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US urges Mexico to open up lithium production to private sector

Mexico’s nationalization of lithium production is just one hurdle to the exploitation of its deposits. The other: the technology to extract it from the clay of the Sonora desert doesn’t exist yet.

MEXICO CITY (CN) — Mexico must open up lithium exploitation to the private sector in order to make the critical mineral cheaper, according to U.S. Assistant Secretary of State for Western Hemisphere Affairs Brian Nichols. 

“I understand that, according to Mexican law, the state has exclusive rights to exploit lithium, but you all will need the private sector in order to bring it to market,” he said in an interview with the Mexican news outlet Milenio. 

“We’re working together, collectively, to explore the critical minerals that we have in North America and which are going to supply the next generation of batteries,” he said. “This is a great opportunity for Mexico to form an integral part of a [regional] high-tech structure.”

Nichols added that acquiring the technologies necessary to reduce the cost of the mineral will also contribute to making the country a competitive player in the global lithium market. The State Department did not immediately respond to a request for comment.

A necessary component in rechargeable batteries for electric vehicles, cellphones and other high-tech devices, lithium has been called the “white gold of the 21st century” by industry players. 

Mexican President Andrés Manuel López Obrador has nationalized lithium rights in the country. He announced Monday that the first concessions to a state-owned company would be awarded in February. The president created the nationalized LitioMX in August of last year. 

Gonzalo Monroy, managing director at the energy consultancy GMEC, called this move a “major roadblock” to the development of the lithium industry in Mexico.

While the lion’s share of the world’s lithium deposits — over 51 million metric tons — are in South America, according to the U.S. Geological Survey, North America comes in second among other continents with 13.7 million metric tons: 9.1 million in the United States, 2.9 in Canada, and 1.7 in Mexico.

But just because the country has a relatively small amount of the mineral doesn’t mean it should let the opportunity to streamline this production with its North American partners pass it by. 

“It makes sense for Mexico to develop its lithium industry, mostly because of the geopolitical importance, and again, location, location, location,” Monroy said. “It’s much better to have everything integrated into one single region, in this case North America, instead depending on other places like Australia or Chile, even as far away as Africa, for raw materials.”

The political roadblock is not the only hurdle Mexico will have to jump in order to properly exploit its lithium reserves.

Located in the northern state of Sonora, Mexico’s deposits are unique from those in the United States, Canada and many other parts of the world, where lithium is extracted from rocky ground or brine. Mexico’s lithium is in an area of clay limestone soil, for which the technology to extract it does not yet exist commercially, according to Jesús Carrillo, director of sustainable economy at the Mexican Institute for Competitiveness.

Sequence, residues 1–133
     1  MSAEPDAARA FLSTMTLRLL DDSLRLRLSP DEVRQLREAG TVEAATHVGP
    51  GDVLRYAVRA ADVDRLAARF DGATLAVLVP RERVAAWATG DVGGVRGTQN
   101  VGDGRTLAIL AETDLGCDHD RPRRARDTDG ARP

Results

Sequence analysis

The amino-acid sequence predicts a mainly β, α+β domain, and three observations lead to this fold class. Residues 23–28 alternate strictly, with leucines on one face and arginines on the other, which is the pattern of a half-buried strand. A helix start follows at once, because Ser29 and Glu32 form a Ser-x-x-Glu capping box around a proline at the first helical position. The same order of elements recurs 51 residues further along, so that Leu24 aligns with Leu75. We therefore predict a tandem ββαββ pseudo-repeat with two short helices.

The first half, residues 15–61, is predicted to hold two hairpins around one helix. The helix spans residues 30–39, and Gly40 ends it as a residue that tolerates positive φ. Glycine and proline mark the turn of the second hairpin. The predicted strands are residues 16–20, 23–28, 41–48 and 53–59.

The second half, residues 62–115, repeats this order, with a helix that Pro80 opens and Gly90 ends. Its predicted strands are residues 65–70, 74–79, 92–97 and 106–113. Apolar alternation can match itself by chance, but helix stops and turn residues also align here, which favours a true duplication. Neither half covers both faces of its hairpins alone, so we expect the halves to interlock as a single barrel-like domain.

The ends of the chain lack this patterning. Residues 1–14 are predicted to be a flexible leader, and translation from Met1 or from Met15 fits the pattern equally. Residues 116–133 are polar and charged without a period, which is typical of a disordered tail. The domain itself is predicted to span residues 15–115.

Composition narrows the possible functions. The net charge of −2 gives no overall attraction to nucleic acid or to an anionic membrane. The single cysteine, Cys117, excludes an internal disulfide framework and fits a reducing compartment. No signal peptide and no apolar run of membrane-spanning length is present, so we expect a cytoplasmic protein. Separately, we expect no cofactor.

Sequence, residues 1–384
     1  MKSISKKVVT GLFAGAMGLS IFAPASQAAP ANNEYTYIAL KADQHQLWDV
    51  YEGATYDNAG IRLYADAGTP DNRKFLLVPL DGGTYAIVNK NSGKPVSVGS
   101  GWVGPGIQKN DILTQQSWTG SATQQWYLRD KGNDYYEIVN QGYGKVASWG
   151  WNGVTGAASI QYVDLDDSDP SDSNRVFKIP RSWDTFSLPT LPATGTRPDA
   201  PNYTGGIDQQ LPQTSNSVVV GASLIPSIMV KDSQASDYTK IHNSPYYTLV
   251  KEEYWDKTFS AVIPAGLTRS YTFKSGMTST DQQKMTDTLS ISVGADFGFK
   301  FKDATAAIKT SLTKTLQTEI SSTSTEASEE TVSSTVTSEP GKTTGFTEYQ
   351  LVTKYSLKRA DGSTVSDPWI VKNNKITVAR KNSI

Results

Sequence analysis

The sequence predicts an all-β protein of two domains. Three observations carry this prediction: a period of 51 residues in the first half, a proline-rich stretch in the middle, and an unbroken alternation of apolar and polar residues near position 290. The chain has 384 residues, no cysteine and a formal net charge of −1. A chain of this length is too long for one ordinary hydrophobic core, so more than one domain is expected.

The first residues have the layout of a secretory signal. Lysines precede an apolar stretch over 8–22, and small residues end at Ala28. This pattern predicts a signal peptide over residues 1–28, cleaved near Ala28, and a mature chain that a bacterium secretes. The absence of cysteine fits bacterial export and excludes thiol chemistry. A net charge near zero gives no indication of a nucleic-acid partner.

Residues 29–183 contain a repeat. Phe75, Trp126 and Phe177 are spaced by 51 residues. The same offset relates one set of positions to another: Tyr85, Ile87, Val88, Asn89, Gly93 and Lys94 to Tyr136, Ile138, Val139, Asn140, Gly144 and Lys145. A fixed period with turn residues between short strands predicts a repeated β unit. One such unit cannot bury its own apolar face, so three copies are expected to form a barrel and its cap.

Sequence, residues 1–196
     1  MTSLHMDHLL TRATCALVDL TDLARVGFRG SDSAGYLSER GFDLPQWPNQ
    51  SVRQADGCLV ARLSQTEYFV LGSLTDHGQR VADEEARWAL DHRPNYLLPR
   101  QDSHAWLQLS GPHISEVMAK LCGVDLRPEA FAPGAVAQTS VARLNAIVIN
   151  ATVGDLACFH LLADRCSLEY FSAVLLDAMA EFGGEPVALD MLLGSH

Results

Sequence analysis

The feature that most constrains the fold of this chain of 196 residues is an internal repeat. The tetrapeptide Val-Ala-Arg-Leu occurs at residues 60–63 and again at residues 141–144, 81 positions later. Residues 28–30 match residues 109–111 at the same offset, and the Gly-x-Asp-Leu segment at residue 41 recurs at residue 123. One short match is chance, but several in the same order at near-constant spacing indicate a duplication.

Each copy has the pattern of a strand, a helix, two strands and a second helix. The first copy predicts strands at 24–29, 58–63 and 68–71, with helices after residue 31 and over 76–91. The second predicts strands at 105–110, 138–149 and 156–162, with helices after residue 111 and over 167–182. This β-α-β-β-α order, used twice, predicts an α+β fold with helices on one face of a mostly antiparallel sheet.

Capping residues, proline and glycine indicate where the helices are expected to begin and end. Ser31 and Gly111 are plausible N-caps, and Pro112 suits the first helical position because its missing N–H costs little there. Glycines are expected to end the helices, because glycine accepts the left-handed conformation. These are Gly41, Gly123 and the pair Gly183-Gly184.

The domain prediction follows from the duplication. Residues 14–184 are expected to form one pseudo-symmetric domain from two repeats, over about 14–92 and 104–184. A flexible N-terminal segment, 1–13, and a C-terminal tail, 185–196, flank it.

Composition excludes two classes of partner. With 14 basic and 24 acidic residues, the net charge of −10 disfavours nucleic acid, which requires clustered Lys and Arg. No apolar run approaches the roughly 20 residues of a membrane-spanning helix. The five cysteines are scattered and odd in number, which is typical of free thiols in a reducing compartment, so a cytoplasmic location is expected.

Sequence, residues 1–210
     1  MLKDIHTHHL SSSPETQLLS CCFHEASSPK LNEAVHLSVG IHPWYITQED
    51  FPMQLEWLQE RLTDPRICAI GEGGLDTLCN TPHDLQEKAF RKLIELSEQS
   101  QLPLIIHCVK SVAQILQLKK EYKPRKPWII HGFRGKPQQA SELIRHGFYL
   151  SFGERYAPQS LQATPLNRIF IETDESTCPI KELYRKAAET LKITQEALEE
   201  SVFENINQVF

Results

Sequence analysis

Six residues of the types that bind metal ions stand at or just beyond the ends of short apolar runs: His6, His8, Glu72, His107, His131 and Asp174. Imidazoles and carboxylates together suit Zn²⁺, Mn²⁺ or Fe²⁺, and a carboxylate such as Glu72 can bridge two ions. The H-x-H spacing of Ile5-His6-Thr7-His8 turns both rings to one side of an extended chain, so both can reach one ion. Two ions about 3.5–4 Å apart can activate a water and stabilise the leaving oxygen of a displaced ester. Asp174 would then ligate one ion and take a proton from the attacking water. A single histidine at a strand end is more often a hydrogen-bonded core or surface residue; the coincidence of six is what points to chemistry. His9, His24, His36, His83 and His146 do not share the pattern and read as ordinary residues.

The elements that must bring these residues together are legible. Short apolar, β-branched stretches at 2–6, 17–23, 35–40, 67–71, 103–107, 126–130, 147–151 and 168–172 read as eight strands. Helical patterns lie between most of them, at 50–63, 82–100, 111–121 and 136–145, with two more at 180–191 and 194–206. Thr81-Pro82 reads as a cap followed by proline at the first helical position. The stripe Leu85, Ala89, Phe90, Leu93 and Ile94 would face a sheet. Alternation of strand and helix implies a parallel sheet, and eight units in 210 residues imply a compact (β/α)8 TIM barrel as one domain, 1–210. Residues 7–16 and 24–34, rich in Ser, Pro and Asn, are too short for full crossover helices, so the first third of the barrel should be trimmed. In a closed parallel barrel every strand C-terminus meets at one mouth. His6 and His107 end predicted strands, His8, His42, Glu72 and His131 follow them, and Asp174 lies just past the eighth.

“In this context, it would be appropriate to have associations between the public and private sectors so that these technologies, which are not going to come from the Mexican government, can be shared and utilized in favor of the development of the country,” Carrillo said in an interview. 

Lithium is a highly reactive alkali metal that does not form in veins like gold or silver that are more easily extracted. Tesla Motors filed a patent in 2020 for a method of extracting lithium from clay, and Chinese companies are also working on a method, Carrillo said, but there is still no technology to make the process commercially viable. 

Both experts said it is unlikely that the current federal administration in Mexico will heed Nichols’ call to open up lithium extraction and production to the private sector.

“The chances are low, virtually zero,” Carrillo said, pointing to the ambiguous language used to write the law that nationalized the country’s lithium sector. “The government might contract out certain services, but beyond that, chances are low to nothing that it will share the risk and capital assigned to these activities with the private sector.”

Canada and the United States could take legal action to force Mexico to open up its lithium production to the private sector under the United States-Mexico-Canada Agreement (USMCA), which stipulates that a signatory country cannot nationalize an industry that was previously open to private investment. 

Such actions would not be the first time López Obrador’s government has clashed with its North American counterparts on energy issues. Both the United States and Canada requested dispute settlement consultations under the USMCA over his energy policy in July 2022.

In response to the requests, López Obrador accused the other countries of trying to “loot Mexico” and played a music video during his daily morning press conference the following day, the chorus of which includes the lyric: “Oh, how scary. Look at how I’m shaking.”

Carrillo told Courthouse News at that time that the president’s energy reform that prompted the requests also violates the USMCA. 

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